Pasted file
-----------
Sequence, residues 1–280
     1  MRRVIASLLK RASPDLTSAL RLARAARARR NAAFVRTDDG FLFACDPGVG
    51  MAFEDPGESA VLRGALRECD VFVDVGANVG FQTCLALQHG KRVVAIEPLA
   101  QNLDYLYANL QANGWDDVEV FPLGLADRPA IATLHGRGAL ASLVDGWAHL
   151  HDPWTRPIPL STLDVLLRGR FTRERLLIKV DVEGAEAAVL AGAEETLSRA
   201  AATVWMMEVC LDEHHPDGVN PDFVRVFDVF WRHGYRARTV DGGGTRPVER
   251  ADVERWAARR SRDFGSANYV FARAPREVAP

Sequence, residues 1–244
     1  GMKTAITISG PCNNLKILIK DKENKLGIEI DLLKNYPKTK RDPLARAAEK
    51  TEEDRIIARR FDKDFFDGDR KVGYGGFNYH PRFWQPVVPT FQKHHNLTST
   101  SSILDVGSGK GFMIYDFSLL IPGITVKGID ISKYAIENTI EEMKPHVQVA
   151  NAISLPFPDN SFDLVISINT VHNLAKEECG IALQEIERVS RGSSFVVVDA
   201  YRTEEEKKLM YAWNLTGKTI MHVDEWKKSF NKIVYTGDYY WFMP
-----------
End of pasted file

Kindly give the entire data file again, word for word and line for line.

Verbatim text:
Sequence, residues 1–280
     1  MRRVIASLLK RASPDLTSAL RLARAARARR NAAFVRTDDG FLFACDPGVG
    51  MAFEDPGESA VLRGALRECD VFVDVGANVG FQTCLALQHG KRVVAIEPLA
   101  QNLDYLYANL QANGWDDVEV FPLGLADRPA IATLHGRGAL ASLVDGWAHL
   151  HDPWTRPIPL STLDVLLRGR FTRERLLIKV DVEGAEAAVL AGAEETLSRA
   201  AATVWMMEVC LDEHHPDGVN PDFVRVFDVF WRHGYRARTV DGGGTRPVER
   251  ADVERWAARR SRDFGSANYV FARAPREVAP

Sequence, residues 1–244
     1  GMKTAITISG PCNNLKILIK DKENKLGIEI DLLKNYPKTK RDPLARAAEK
    51  TEEDRIIARR FDKDFFDGDR KVGYGGFNYH PRFWQPVVPT FQKHHNLTST
   101  SSILDVGSGK GFMIYDFSLL IPGITVKGID ISKYAIENTI EEMKPHVQVA
   151  NAISLPFPDN SFDLVISINT VHNLAKEECG IALQEIERVS RGSSFVVVDA
   201  YRTEEEKKLM YAWNLTGKTI MHVDEWKKSF NKIVYTGDYY WFMP